The choice of flags has been a key decision made within all the popular uprisings that have made up the Arab Spring. In both Tunisia and Egypt, participants in the mass demonstrations made a point of carrying only their respective national flags on the demonstrations, leaving their party affiliations at home. Back in late February, after Mubarak’s toppling, young social activists in Palestine decided that they wanted to organize a mass popular action. Their main slogan was “The people want an end to the division.” Not surprisingly, as they organized for what they designated their #mar15 action in both the West Bank and Gaza, they argued strongly that participants should carry only the Palestinian flag.
In both Gaza and the West Bank, the status quo powers viewed the young people’s activism as posing a worrying challenge to their own control, and the ruling powers in both territories moved swiftly to co-opt and dominate the movement. Brilliant young Palestinian blogger Sameeha Elwan, a recent graduate of the Islamic University of Gaza’s English-language program, blogged movingly about the dismay she felt when she saw many participants in the Gaza City march carrying Hamas flags as well as Palestine’s four-color emblem.
- I could see nothing but the Palestinian flag, hear nothing but Palestine’s name, I could not but be totally involved as everyone else who like me were chanting, walking proud, holding up their Palestinian flag, their voice at its highest, their hearts hopeful for a unity that this demonstration proved every Palestinian, regardless of his favourite colour, is eager to have back…
Amidst the beauty of the scene rose that unusual green flag tied to the Palestinian… [H]onestly, I think of it as an absurd attempt to prove the Hamas presence while none has denied them the right to. The demonstration was aimed at calling to end division. It aimed not at ending the presence of any party.
In Gaza, Hamas’s well coordinated mass organizations easily outnumbered the intentionally non-partisan demonstrators on March 15. Prime minister Ismail Haniyeh and other Hamas luminaries came to the city center’s Square of the Unknown Soldier to address them. The independents moved elsewhere to continue holding their notably smaller demonstration.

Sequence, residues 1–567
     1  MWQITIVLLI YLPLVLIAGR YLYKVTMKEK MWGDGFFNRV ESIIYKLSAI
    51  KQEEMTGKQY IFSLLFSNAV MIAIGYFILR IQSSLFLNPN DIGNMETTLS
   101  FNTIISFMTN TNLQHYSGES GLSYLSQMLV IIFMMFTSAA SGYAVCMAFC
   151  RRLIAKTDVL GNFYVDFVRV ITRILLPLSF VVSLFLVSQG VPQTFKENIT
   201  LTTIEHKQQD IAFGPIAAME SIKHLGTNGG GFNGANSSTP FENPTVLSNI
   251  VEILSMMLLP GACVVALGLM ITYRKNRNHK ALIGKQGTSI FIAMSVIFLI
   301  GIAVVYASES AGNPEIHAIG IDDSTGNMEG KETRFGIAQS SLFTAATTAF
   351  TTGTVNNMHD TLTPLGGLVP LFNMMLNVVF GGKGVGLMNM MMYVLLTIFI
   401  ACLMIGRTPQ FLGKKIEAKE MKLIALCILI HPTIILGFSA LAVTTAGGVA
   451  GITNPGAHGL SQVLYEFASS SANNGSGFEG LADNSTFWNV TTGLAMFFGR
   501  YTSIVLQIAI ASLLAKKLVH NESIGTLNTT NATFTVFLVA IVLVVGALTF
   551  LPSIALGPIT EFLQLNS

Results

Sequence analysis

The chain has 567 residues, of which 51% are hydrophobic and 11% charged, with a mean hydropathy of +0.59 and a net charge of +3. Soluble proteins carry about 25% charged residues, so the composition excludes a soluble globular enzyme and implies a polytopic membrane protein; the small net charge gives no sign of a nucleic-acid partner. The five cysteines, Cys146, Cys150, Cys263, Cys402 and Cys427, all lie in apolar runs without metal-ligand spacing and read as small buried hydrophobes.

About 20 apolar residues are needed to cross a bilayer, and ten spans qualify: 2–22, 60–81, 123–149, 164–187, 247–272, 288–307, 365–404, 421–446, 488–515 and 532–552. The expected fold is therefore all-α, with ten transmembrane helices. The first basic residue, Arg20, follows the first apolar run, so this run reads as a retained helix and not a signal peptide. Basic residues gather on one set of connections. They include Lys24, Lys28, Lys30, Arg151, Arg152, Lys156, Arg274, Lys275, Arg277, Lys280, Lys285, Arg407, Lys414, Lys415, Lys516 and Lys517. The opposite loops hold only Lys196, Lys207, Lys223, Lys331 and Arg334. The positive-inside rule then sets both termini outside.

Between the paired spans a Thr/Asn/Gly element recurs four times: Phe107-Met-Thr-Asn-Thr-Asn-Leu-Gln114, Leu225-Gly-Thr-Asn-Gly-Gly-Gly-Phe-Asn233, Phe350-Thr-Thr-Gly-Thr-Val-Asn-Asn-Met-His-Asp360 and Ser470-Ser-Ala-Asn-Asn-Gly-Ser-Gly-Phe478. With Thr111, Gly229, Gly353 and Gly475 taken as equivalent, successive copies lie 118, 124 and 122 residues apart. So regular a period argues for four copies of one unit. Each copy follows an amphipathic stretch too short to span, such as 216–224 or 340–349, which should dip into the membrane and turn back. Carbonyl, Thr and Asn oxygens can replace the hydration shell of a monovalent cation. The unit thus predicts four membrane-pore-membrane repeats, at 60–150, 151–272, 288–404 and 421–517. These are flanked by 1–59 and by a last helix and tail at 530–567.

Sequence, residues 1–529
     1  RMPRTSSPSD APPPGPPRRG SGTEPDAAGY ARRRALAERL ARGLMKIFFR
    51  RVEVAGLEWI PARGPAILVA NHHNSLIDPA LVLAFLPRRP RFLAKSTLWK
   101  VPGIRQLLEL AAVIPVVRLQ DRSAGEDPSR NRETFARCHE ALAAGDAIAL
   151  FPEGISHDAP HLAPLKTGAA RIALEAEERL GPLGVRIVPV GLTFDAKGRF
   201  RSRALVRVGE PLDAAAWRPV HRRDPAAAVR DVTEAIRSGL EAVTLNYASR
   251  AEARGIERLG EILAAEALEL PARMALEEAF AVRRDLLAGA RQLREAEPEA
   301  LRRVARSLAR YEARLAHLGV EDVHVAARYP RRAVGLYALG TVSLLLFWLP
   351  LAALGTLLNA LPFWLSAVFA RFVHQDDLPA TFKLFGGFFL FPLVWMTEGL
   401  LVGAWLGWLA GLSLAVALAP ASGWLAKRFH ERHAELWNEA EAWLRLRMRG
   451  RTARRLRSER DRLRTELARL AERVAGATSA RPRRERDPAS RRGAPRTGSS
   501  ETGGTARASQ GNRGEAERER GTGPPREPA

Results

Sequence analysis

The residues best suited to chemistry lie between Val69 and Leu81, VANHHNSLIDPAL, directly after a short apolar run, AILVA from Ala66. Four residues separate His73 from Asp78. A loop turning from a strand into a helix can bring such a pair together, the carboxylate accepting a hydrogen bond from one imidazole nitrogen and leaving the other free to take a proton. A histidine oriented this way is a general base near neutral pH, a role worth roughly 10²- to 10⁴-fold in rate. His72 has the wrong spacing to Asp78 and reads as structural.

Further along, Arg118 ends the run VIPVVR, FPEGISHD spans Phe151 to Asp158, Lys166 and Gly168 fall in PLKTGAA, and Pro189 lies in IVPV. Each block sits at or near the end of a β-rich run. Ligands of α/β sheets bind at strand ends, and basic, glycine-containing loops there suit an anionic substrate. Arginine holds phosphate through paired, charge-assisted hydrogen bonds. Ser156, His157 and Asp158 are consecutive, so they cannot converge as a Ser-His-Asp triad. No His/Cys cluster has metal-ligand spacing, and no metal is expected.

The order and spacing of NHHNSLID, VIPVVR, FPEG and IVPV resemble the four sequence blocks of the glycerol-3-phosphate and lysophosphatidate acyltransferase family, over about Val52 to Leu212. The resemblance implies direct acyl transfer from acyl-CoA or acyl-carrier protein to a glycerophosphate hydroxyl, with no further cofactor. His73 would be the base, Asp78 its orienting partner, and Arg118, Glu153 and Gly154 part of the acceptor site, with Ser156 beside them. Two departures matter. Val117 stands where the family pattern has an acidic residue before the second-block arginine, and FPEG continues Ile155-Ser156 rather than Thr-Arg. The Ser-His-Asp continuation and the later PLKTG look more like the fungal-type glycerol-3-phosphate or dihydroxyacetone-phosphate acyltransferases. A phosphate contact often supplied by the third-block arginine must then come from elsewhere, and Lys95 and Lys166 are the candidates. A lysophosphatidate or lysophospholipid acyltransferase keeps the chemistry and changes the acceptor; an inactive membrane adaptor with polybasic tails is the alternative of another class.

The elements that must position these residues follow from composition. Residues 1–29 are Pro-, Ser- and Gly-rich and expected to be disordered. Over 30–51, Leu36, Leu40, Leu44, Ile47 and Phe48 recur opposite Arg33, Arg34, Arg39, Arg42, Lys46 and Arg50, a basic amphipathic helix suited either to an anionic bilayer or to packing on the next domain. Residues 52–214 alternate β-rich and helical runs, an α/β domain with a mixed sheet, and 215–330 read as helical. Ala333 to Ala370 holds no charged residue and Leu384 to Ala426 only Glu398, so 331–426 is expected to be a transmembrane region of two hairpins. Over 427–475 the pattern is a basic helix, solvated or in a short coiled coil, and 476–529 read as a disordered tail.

In the West Bank, meanwhile, the pro-Fateh security forces succeeded in limiting access to Ramallah’s Manara Square to only a small proportion of the would-be demonstrators. A low-level Fateh official addressed the crowd, coming hand-in-hand with a Hamas official. But soon after the speeches the Palestinian gendarmerie cleared the square, fearing that if the protesters stayed too long their movement might, as in Tahrir Square, gain momentum.
Since March 15, there have been few signs of the Palestinian “youth” movement undertaking any further similar demonstrations. But the leaders of Hamas and Fateh had both gotten some important messages: from the March 15 action; from the pro-reconciliation diplomatic activism of Egypt’s new government; and also– in the case of Fateh, whose leaders have long pinned all their hopes on getting some real help from Washington in pushing for an Israeli withdrawal from Palestinian lands– from the evident failure of that strategy, including the derailing of that previously long-running (but never arriving) roadshow, the “peace process.”